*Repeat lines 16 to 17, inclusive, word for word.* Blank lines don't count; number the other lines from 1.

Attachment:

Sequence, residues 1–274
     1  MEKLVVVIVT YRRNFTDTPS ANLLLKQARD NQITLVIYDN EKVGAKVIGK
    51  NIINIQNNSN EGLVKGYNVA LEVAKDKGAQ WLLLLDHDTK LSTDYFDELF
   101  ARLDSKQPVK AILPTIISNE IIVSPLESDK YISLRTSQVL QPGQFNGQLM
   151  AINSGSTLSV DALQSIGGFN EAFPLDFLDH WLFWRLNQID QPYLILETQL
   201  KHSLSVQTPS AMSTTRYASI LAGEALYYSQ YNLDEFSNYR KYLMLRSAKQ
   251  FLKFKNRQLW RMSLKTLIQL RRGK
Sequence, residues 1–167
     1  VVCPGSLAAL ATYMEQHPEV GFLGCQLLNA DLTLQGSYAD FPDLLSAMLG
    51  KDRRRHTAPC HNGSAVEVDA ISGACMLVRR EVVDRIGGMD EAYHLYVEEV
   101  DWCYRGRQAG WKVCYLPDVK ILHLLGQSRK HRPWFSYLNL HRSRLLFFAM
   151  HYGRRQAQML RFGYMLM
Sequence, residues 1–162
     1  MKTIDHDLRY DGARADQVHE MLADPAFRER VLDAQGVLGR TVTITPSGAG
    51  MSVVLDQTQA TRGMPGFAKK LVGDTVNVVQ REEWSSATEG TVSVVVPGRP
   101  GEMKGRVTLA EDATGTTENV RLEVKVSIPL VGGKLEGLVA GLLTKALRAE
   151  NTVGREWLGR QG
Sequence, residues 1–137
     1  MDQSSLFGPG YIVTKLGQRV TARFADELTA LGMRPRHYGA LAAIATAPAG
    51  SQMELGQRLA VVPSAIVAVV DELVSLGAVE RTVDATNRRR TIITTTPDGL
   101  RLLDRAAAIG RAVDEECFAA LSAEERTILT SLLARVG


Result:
   101  GEMKGRVTLA EDATGTTENV RLEVKVSIPL VGGKLEGLVA GLLTKALRAE
   151  NTVGREWLGR QG